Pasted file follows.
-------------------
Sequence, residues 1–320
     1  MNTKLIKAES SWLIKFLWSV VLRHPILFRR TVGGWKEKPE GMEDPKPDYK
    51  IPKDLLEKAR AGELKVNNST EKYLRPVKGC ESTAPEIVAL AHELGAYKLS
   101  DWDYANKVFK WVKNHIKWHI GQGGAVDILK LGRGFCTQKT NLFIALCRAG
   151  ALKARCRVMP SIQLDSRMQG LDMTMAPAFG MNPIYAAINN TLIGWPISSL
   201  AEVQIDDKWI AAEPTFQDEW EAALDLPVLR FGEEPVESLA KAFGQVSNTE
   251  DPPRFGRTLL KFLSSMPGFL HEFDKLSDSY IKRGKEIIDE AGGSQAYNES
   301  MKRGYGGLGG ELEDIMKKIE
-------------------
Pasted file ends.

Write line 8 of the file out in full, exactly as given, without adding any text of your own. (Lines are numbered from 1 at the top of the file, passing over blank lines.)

   301  MKRGYGGLGG ELEDIMKKIE